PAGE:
Walgreens Boots Alliance (NASDAQ:WBA)
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By Sharon Terlep and Joseph Walker
Shrinking profits from the sale of generic drugs are weighing on the country's biggest pharmacy chains.
Walgreens Boots Alliance Inc. on Tuesday cut its earnings forecast after facing what the company described as its most difficult quarter since the 2014 merger of Alliance Boots and Walgreens. The news, which sent Walgreens shares tumbling, comes weeks after rival CVS Health Corp. lowered its profit targets for the year.
Walgreens and CVS are getting squeezed as they negotiate with pharmacy benefit managers, which choose which drugs to cover and wrest lower prices from drugmakers through rebates. Although CVS owns one of the country's biggest PBMs, Walgreens doesn't, leaving it more exposed to onerous demands.
"The pharmacy trends are not only impacting our business," Walgreens CEO Stefano Pessina said Tuesday on a conference call. "They are impacting the overall market and will likely continue to do so over the coming months."
The rates that insurers pay pharmacies for generic drugs are falling faster than the prices that pharmacies like Walgreens buy them for, said Ross Muken, an Evercore ISI analyst. The shrinking gap between the prices Walgreens pays and receives is reducing the company's profit margins, he said.
U.S. politicians from both parties, including President Donald Trump, have vowed to lower prescription drug prices. List prices for branded drugs continue to rise, though at slower rates than in previous years. Prices for generic drugs, which account for about 80% of U.S. prescriptions, have been falling for years.
Generics are generally more profitable for pharmacies than high-price branded drugs like Humira or Xarelto. Pharmacies buy drugs in bulk aiming to resell them at a higher price.
The pricing pressures facing Walgreens, analysts said, are similar to the ones that led CVS in February to issue a disappointing earnings outlook for 2019, its first full year after buying insurer Aetna Inc. CVS said its results were being hurt by smaller benefits from the rollout of new generic drugs and the performance of Omnicare, its long-term-care pharmacy business.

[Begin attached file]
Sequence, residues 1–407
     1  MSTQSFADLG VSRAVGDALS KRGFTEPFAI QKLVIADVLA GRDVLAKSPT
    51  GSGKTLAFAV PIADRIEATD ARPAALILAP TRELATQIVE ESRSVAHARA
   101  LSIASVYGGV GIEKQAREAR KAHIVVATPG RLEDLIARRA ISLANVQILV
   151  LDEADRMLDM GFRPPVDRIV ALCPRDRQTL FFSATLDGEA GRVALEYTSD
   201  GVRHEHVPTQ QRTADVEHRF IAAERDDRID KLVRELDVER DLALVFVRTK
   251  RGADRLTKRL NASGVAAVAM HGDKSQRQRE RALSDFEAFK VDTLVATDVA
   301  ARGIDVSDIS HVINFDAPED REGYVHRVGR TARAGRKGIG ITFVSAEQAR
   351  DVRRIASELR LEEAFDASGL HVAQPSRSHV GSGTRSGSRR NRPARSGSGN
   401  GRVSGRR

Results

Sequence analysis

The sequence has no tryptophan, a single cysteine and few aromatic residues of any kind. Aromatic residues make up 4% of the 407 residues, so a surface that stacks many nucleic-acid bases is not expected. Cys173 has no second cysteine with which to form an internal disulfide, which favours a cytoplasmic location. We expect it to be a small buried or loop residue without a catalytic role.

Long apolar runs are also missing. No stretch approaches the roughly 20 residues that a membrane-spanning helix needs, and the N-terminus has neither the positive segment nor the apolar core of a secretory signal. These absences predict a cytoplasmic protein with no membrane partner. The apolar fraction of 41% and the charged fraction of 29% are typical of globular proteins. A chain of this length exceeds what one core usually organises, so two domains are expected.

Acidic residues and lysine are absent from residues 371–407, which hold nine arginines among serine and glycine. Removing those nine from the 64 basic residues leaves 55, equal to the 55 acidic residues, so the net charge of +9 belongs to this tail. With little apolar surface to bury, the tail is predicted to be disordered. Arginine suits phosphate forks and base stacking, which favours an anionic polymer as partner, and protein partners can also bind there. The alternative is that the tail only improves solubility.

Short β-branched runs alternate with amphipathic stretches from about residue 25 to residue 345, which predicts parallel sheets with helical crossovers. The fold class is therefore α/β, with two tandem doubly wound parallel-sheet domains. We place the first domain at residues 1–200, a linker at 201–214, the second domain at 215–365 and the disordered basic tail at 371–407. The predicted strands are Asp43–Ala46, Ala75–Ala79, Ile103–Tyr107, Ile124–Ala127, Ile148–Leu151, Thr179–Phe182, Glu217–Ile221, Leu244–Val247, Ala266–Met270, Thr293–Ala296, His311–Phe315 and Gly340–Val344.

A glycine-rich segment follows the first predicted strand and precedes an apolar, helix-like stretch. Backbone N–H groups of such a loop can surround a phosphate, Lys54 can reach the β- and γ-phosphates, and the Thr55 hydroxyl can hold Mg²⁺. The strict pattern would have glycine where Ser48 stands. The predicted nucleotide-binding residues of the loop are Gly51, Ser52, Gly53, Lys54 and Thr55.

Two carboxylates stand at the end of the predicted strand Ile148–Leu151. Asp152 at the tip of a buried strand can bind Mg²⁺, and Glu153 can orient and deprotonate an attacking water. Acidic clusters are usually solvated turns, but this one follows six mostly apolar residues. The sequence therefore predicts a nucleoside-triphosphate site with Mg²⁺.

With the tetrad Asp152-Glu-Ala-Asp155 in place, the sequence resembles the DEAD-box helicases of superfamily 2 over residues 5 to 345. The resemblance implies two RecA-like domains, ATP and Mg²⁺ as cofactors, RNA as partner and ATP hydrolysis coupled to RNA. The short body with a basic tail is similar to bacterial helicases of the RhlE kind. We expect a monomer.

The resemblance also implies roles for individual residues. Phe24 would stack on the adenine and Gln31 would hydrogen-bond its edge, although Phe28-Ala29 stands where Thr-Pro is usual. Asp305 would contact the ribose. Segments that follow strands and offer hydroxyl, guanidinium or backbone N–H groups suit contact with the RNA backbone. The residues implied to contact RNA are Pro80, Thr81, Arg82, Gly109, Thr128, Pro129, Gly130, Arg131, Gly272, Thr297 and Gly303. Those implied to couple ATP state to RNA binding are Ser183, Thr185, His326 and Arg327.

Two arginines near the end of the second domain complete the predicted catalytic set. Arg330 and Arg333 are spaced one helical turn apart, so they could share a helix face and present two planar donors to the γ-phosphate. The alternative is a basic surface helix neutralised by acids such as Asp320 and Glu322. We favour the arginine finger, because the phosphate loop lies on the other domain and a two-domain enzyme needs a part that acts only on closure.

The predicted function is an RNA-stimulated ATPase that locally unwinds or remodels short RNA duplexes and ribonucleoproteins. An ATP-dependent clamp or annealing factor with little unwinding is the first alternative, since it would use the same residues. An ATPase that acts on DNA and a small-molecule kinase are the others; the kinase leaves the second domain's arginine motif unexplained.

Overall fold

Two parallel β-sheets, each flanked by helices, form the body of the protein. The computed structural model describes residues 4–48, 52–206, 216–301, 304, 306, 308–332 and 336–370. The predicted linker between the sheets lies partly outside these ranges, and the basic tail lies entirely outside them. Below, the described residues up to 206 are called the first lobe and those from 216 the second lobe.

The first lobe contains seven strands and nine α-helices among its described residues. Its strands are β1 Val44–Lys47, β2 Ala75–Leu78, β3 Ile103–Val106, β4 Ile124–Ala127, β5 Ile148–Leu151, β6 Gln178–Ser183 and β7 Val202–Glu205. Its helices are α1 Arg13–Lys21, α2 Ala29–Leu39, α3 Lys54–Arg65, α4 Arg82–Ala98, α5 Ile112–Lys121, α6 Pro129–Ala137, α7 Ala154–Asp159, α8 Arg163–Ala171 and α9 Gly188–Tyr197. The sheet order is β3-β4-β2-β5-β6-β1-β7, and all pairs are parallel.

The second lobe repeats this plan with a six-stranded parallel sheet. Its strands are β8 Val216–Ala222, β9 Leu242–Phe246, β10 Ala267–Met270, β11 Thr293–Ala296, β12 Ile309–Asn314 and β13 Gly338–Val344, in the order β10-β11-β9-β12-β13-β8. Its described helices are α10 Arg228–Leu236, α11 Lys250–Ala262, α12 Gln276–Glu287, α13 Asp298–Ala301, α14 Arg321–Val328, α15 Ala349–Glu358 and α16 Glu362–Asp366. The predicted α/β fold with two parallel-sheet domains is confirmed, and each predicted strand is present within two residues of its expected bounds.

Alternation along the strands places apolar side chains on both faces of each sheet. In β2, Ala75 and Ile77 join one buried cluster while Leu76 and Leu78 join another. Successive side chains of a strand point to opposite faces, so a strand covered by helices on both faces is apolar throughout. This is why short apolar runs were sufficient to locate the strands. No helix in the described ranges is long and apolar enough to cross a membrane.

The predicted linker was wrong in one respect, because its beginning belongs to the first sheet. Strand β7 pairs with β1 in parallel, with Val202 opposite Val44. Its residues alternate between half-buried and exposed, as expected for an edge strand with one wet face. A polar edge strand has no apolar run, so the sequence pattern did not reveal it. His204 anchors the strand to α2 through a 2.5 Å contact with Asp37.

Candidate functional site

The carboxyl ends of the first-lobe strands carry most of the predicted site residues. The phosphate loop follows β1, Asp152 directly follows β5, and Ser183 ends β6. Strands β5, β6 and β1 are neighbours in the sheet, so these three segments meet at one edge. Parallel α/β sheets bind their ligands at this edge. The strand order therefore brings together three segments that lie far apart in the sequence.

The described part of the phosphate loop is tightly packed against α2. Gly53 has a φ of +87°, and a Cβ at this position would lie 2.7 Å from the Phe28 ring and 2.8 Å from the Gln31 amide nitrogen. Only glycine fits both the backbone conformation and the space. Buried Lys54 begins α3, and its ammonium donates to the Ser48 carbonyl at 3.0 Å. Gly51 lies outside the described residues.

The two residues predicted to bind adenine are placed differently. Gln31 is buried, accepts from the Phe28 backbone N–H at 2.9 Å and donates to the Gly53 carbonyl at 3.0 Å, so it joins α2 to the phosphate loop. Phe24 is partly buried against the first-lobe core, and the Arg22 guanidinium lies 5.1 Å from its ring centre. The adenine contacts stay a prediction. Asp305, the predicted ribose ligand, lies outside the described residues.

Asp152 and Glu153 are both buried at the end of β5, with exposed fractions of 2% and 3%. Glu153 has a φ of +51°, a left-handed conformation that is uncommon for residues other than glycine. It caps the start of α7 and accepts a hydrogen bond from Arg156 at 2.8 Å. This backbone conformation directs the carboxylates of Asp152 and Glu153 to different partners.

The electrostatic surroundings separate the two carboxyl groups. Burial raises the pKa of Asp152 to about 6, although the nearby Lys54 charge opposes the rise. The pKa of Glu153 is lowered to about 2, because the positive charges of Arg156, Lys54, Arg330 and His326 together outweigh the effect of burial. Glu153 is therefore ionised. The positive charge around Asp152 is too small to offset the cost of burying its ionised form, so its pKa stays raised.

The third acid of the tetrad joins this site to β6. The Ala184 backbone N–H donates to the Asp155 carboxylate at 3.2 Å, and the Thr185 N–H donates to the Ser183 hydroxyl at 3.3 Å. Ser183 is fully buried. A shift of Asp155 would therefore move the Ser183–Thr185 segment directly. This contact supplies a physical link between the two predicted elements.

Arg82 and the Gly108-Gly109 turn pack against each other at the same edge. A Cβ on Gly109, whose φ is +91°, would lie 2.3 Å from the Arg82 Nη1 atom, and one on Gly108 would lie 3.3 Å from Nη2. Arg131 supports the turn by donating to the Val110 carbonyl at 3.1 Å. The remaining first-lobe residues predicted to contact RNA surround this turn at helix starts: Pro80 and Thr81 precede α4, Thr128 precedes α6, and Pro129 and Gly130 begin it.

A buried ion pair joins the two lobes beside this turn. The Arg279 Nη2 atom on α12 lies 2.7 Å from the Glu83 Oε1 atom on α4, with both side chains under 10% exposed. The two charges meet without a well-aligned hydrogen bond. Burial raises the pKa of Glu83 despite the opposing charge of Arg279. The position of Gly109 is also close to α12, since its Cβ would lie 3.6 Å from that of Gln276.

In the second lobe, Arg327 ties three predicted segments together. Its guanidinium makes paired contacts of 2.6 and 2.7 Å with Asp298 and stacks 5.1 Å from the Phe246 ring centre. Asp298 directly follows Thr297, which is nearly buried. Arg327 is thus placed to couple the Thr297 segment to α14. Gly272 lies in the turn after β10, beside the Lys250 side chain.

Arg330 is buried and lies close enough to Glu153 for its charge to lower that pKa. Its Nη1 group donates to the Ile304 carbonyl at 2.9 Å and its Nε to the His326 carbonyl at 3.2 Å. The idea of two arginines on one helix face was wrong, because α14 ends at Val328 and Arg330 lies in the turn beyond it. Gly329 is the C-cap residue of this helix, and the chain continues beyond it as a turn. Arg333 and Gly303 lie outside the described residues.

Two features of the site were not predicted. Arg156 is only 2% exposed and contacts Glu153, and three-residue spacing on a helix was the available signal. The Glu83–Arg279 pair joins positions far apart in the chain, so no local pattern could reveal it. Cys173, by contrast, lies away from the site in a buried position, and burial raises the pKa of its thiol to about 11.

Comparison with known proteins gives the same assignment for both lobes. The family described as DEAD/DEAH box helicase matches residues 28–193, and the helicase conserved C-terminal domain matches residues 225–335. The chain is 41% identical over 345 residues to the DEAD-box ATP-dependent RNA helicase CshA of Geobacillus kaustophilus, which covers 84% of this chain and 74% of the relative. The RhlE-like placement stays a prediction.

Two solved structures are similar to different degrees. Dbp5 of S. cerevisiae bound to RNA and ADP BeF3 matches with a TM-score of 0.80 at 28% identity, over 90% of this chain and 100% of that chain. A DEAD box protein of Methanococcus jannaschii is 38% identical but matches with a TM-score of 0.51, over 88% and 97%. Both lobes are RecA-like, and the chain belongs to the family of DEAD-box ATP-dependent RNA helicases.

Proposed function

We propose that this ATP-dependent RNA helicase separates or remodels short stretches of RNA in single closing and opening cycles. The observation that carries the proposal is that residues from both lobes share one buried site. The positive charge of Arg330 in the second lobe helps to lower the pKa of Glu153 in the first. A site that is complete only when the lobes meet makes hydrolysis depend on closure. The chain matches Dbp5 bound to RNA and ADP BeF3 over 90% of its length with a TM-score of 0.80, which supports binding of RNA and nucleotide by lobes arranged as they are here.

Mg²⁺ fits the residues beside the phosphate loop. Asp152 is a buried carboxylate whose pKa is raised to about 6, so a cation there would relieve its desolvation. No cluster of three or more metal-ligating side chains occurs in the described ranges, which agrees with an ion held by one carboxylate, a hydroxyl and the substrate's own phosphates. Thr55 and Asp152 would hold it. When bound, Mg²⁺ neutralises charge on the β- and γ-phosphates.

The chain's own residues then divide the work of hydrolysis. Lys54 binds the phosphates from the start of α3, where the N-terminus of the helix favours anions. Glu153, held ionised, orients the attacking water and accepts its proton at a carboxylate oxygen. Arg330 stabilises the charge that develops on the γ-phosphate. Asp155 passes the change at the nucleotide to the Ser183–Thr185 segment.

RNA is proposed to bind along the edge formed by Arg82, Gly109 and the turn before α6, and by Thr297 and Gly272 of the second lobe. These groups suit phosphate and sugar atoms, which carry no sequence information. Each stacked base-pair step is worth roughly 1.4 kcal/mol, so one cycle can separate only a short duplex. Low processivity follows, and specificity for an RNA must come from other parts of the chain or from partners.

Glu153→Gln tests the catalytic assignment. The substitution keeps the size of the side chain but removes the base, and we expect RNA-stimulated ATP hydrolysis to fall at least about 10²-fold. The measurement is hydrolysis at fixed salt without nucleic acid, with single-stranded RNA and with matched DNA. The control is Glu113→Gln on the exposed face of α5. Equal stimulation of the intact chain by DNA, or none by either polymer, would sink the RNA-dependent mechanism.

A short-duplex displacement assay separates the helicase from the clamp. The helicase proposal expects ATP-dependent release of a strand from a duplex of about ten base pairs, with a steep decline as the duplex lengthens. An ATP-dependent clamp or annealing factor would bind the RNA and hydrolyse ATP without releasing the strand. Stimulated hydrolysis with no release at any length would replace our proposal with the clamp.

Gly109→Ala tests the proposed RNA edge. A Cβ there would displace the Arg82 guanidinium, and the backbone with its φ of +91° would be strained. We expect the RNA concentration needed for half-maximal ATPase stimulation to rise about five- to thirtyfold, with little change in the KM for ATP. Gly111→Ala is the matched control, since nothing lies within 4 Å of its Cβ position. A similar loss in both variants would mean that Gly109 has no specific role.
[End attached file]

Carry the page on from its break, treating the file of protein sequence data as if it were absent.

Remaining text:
In its pharmacy-benefits business, CVS said it was experiencing a squeeze related to rebates that it receives from drugmakers and passes on to clients. It has guaranteed clients that it will provide them certain rebate payments, but CVS is seeing slower growth than it had expected in the prices of branded drugs.
"Many of these headwinds are transitory in nature," CVS Chief Executive Larry Merlo told investors in a February earnings call.
The weak performance from the two companies "demonstrates that there is no relief in sight from reimbursement pressure permeating throughout the pharmacy retail sector," Moody's Vice President Mickey Chadha said.
Walgreens shares were off about 12% at $56.09 Tuesday afternoon. Shares of CVS, which tumbled in February when it lowered its profit goals, fell 3% to $42.59 on Tuesday. The stocks are down 14% and 33%, respectively, over the last six months.
Walgreens said its profit fell 14% to $1.16 billion in its fiscal second quarter ended Feb. 28. Mr. Pessina called the quarterly results disappointing and there was "no excuse" for Walgreens' performance. "We will respond quickly to ensure we return to growth," he said.
The CEO defended the company's strategy to grow through tie-ups with other companies. Walgreens has struck about a dozen partnership deals in the past couple of years with companies from LabCorp to Microsoft Corp. in a bid to increase pharmacy revenue and get customers to make other in-store purchases.
He said the deals have yet to bolster profitability both because they are still new and because Walgreens continues to invest in new pairings. "You don't see the benefit for the time being, Mr. Pessina said. "The investments will mature."
For fiscal 2019, Walgreens now expects adjusted earnings per share at constant currency rates to be roughly flat, lower than its previous guidance for 7%-to-12% growth.
For the recent quarter, Walgreens said sales rose 4.6% to $34.53 billion as the company continues integrating the roughly 1,900 stores it acquired last year from rival Rite Aid Corp. U.S. retail pharmacy sales rose 7.3% to $26.3 billion, due in large part to higher prescription volumes from the additional stores.
Comparable retail sales were down 3.8% in the quarter, primarily due to a mild cough, cold and flu season, the company said. Also playing a role in the decline were a drop in seasonal merchandise sales and a shift away from sales of tobacco products.
The company has been testing tobacco-free stores in the U.S. due to pressure from federal regulators, activists and some investors. But Mr. Pessina said in a recent interview that Walgreens has no plans to stop selling all cigarettes, as CVS did in 2014.
After the disappointing quarter, Walgreens on Tuesday said it would ramp up its cost-cutting efforts. It plans to reduce annual spending by $1.5 billion by fiscal 2022, up from plans in December to eliminate $1 billion in annual costs.
"We are going to be more aggressive in our response to these rapidly shifting trends," Mr. Pessina said.
--Aisha Al-Muslim contributed to this article.
Write to Sharon Terlep at firstname.lastname@example.org and Joseph Walker at email@example.com
(END) Dow Jones Newswires
April 02, 2019 14:06 ET (18:06 GMT)
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